perhaps due to their dietary habits — frequent low calorie diets and

high protein diets — have been deficient in bone minerals for years.

In addition to its main ingredient, a plant estrogen named

ipriflavone that works to stimulate bone density, IpriMax contains

calcium (the building block for bone mass), and vitamin D (which helps

to absorb the calcium), plus several other bone minerals. Results from

double blind clinical trials were released in July. Says DiBartolomeo:

"We are the only ones that have the ipriflavone together with calcium

and vitamin D, in the dosages studied."

NutRx Elite, a multi-nutrient complex with antioxidants.

Eating five fruits and vegetables a day in your 40s doesn’t resolve

the multiple issues of deficiency over the years, say DiBartolomeo.

You need more than five a day to get the antioxidants to prevent

cancer, and these supplements are supposed to make up for the misspent

years.

IsoFiber is for those who need the right types of fiber to

normalize bowel function or lose weight, but who don’t eat enough

fruits and vegetables.

Arthriguard for arthritis and joint pain. This month the

Arthritis Foundation recommended glucosamin sulfate, thus supporting

the use of complementary therapies, says DiBartolomeo. "This is the

type of thing we expect to see happening in the coming year."

Prosterol. The natural compounds — saw palmetto berry

extract (SPB), pygeum, pumpkin seed concentrate, and isoflavones –in

Prosterol help to relieve the symptoms related to an enlarged prostate

(benign prostate hypertrophy or BPH). BPH causes urinary problems but

does not necessarily lead to prostate cancer. Prosterol also has

lycopene, and diets high in lycopene have been linked with low

incidence of prostate cancer but the combination of ingredients in

Prosterol were primarily developed only for relieving BPH symptoms.

Lipichol contains the clinical dose of three ingredients

shown in clinical studies, with human studies, to lower cholesterol:

red yeast rice extract, niacin in the form of hexaniacinate, and a

natural form of vitamin E, tocotrienol. "No other products combines

all three," says DiBartolomeo. He recommends this for those with

border-level elevated lipids who are not taking prescription drugs.

CardioVasc with CoQ10 with natural vitamin E and a host of

other antioxidants. If you have been diagnosed for — or are at risk

for — heart disease, this is what you should take, says DiBartolomeo.

Top Of Page
Christian LeFer

LeFer’s interest in neutriceuticals developed from a relative’s

experience with curing heart disease. His father, a native of Brittany

in France, was an entrepreneur in the exotic car business, and his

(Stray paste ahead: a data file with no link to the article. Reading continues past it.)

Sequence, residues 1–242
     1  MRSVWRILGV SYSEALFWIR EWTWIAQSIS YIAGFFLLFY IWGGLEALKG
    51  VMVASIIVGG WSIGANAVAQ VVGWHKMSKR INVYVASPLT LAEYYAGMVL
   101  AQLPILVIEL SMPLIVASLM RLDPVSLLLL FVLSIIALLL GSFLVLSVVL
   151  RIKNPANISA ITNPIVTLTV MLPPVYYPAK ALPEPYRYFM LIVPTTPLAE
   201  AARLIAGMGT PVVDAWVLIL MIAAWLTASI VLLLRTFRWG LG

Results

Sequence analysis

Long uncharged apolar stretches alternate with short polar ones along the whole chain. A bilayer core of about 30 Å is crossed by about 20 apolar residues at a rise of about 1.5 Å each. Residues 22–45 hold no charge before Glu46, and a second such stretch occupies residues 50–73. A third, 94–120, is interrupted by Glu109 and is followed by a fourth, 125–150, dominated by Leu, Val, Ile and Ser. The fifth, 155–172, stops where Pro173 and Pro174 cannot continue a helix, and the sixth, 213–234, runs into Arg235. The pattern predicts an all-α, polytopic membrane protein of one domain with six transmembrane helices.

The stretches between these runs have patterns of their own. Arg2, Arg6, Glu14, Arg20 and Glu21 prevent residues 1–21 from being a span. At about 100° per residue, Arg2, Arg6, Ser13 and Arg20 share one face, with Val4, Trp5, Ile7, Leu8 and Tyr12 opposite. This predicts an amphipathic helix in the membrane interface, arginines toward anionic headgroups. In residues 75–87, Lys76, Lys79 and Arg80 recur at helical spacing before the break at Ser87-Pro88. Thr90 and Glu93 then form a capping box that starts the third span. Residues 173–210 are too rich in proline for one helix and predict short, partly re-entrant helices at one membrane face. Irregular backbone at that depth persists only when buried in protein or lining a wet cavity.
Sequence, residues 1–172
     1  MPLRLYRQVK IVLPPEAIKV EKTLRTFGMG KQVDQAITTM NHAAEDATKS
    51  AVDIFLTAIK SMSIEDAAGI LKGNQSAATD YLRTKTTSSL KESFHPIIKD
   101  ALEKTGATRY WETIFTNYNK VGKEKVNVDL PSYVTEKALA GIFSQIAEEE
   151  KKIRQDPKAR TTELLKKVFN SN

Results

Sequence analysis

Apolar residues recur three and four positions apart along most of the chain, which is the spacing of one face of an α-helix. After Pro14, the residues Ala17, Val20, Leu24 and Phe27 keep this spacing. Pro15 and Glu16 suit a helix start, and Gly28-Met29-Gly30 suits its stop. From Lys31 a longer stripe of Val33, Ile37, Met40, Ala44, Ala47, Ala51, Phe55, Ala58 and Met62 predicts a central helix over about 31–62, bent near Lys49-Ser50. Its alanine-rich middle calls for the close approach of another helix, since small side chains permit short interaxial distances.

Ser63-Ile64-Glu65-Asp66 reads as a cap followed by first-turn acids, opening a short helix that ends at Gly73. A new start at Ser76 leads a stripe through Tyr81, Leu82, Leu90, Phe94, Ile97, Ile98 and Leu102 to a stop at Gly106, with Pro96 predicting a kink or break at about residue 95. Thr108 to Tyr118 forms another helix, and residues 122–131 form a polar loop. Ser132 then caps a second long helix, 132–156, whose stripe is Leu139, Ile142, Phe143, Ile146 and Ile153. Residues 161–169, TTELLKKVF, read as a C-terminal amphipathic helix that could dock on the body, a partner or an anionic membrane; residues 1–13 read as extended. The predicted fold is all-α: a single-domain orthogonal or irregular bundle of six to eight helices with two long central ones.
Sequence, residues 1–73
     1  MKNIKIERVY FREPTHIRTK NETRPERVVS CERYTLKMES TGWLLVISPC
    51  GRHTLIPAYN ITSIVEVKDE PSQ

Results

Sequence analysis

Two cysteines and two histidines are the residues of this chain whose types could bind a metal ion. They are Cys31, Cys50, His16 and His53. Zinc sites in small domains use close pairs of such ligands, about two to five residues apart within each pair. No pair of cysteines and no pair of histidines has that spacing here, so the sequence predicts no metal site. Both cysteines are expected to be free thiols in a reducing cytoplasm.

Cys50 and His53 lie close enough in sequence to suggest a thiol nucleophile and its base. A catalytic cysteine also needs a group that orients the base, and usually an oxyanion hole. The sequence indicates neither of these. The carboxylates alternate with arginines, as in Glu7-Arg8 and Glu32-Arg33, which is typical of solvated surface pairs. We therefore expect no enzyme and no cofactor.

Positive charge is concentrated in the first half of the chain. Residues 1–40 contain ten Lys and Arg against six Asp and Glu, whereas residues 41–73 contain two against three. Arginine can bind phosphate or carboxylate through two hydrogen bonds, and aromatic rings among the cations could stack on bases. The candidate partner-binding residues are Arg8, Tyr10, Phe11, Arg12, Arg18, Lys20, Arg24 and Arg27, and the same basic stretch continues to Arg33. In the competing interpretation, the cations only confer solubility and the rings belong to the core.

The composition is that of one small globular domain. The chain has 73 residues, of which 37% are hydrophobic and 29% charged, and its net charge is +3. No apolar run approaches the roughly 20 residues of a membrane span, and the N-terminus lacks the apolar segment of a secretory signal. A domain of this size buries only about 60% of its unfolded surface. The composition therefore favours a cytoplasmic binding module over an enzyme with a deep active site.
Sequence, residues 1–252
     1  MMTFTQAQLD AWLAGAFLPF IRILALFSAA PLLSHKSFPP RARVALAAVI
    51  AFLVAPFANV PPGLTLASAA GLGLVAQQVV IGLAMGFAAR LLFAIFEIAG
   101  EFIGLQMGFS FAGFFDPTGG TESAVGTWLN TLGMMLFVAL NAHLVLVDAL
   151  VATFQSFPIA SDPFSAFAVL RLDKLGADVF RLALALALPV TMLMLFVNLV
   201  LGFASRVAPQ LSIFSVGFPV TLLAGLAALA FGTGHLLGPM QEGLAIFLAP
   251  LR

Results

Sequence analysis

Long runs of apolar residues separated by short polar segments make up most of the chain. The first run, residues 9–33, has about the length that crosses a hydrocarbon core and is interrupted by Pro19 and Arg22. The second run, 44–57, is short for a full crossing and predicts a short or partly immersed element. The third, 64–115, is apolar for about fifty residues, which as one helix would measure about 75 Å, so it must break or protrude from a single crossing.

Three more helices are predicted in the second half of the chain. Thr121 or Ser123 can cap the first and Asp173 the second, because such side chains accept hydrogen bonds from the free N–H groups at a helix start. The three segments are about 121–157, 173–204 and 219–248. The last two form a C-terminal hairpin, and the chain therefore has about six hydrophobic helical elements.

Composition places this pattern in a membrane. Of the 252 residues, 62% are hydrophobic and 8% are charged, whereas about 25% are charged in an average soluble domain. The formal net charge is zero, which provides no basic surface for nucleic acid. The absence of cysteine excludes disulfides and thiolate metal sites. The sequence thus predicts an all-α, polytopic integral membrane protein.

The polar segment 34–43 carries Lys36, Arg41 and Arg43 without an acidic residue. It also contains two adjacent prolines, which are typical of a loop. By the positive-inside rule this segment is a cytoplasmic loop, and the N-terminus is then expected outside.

American-born mother worked for various French companies, including

Peugeot. For five years after high school LeFer did sales and

marketing in such areas as automobiles and home goods, then earned an

associate’s degree and graduated from Rutgers in 1997 with a major in

history and political science.

While at Rutgers LeFer started doing research on going into his own

business and noticed that the interest in nutrition and fitness was

blossoming, that vitamin stores were popping up everywhere, and that

scientists were starting to do studies on supplements for body

builders.

What clinched his decision to go into neutriceuticals was his uncle’s

dramatic recovery from severe cardiovascular illness. "Ten years after

my uncle’s first quadruple bypass, he was diagnosed with severe

blockage in the same four arteries, and was given a year to live,"

says LeFer. The uncle was put on an aggressive six-month regimen of

low fat food and neutriceuticals: CoQ10, ginko, grape seed extract,

and some minimal exercise. "After six months his doctors found that

most or all of the indicators of his condition had reversed. That was

seven years ago."

LeFer was 25, and he began attending industry events, forging

relationships with researchers, and physicians. He credits Brian

Beck of the New Brunswick Economic Development Authority with

providing some entrepreneurial advice. He started the company with

leftover money from a student loan and a credit card, first in a home

office, then in shared space at 120 Jersey Avenue. He is single and is

very involved at Princeton Alliance Church, where he co-chairs a Bible

study.

"There is no disconnect between religion and business for me," says

LeFer. "My enthusiasm and care for others is reflected in my church

efforts and my business. I believe we are genuinely helping others."

Top Of Page
Joseph DiBartolomeo